by Olga Mecking: Straightforwardness is so intrinsic in Dutch society that there’s even a Dutch word for it: ‘bespreekbaarheid’ (speakability) – that everything can and should be talked about…
I’d only been living in Amsterdam for a year when we met my husband’s friends in one of the many cafes and bars in the city’s famous Vondelpark.
We chose our seats and waited, but the waiter was nowhere to be seen. When he finally materialised, seemingly out of nowhere, he didn’t ask ‘What would you like to order’, or ‘What can I get you?’. He said ‘What do you want?’. Maybe it was the fact that he’d said it in English, or maybe he was just having a bad day, but I was shocked nonetheless.
My Dutch teacher later explained that the Dutch are very direct – and nowhere are they so direct as they are in Amsterdam.
Ben Coates, who wrote Why the Dutch Are Different, moved to the Netherlands from Great Britain eight years ago. He recalls similar experiences, specifically one situation when he got a haircut and a friend immediately pointed out that it didn’t suit him at all.
“I think the Netherlands are a place where… no-one is going to pretend. [For example], when you say something in a business meeting that is not a very smart suggestion, people will always point it out,” he said.
To Coates, the differences between his native Britain and the Netherlands were immediately noticeable. In Great Britain, he says, people tend to communicate and behave in a way that minimises offense to other people.
“You don’t talk too loudly on the train because it’s not too nice for the people in your compartment; you don’t play your music too loud in your apartment because it’s not so nice for your neighbours; there is this constant calibrating of your own behaviour,” Coates explained. But in the Netherlands, there is “the sense that people have the right to say whatever they want and be as direct as they want. And if other people don’t like that, it’s their fault for getting offended.”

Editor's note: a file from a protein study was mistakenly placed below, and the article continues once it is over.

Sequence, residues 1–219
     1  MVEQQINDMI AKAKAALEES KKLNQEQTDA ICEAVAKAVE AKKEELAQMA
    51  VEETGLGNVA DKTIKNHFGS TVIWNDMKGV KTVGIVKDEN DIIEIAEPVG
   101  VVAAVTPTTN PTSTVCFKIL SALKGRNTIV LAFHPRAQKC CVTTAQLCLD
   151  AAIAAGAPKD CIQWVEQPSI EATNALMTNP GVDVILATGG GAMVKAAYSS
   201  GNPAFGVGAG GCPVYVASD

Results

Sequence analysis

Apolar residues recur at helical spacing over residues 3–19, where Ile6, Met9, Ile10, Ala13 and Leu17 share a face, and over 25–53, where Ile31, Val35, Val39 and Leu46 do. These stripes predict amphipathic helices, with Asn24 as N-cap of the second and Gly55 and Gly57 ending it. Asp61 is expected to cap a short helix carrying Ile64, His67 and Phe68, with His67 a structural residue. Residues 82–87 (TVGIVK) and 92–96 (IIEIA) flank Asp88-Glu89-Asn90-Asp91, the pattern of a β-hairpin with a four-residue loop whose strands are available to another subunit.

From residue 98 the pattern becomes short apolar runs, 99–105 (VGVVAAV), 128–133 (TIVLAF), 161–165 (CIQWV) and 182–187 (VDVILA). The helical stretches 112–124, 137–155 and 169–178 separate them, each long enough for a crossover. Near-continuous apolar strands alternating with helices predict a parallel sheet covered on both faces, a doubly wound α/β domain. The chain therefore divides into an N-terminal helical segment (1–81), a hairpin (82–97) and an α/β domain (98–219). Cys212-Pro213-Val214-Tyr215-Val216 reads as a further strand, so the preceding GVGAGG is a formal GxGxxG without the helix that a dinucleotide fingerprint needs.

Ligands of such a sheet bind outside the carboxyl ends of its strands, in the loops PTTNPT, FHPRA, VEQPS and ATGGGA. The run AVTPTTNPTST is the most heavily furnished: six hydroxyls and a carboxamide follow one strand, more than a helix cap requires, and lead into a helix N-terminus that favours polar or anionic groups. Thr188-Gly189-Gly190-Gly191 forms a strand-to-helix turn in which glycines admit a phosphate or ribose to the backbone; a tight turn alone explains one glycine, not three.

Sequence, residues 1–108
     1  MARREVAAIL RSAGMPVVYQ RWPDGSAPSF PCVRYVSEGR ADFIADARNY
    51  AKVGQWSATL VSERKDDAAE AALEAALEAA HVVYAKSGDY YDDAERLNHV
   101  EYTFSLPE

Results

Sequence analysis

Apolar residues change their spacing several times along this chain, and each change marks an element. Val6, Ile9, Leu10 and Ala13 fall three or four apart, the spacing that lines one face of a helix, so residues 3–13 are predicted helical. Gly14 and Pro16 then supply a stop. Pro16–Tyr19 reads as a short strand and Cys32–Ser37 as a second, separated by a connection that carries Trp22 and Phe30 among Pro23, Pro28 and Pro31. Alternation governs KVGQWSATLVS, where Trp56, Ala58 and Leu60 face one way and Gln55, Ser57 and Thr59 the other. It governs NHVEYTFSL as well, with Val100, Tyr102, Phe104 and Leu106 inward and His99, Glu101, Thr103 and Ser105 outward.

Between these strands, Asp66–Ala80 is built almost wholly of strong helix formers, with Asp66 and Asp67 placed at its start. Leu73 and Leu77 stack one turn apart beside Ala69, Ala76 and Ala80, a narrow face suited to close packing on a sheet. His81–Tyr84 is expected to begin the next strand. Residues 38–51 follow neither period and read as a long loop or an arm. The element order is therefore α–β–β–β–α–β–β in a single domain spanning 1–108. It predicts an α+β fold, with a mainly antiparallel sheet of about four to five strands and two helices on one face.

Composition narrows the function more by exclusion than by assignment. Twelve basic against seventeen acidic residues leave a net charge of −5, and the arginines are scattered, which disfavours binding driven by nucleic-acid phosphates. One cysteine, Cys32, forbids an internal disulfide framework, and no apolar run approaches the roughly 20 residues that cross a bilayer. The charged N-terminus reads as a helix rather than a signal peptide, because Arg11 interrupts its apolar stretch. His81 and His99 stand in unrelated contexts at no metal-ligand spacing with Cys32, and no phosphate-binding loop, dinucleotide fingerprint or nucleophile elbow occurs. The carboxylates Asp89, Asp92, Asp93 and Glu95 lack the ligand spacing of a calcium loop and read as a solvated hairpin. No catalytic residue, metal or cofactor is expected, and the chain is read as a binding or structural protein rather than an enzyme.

To many foreigners, this give-it-to you-straight mentality can come across as inconsiderate, perhaps even arrogant. One time, I found myself at the supermarket staring with disbelief at the groceries that had spilled out of my hands onto the floor. Within seconds, I was surrounded by no fewer than 10 Dutch people, all of them giving me advice on what to do. But not one lifted a finger. To me, the situation was obvious: I needed help immediately. But the Dutch saw it differently: unless I specifically asked for help, it probably wasn’t necessary.
“Others may think that we don’t have empathy. And maybe that is so because we think truthfulness goes before empathy,” explained Eleonore Breukel, an interculturalist who trains people to communicate better in multicultural environments.
In the end, it all comes down to differences in communication patterns, said Breukel, who is Dutch but has lived all over the world. She believes the Dutch tendency to be very direct has to do with straightforwardness, which in turn is connected to the historical prevalence of Calvinism in the Netherlands (even though, according to Dutch News, the vast majority of Dutch people don’t associate with any religion today).
After the start of the Reformation in the 16th Century, Calvinism spread to France, Scotland and the Netherlands. But it only had noticeable impact in the latter, where it coincided with the fight for independence against Catholic Spain, which ruled over the Netherlands from 1556 to 1581. In 1573, the Dutch prince William the Silent (called Willem van Oranje in Dutch), the founder of the Royal House of Orange that rules the Netherlands today, converted from Catholicism to Calvinism and united the country behind him. As a result, the Calvinist religion had a large impact on national identity because the Dutch associated Catholicism with Spanish oppression.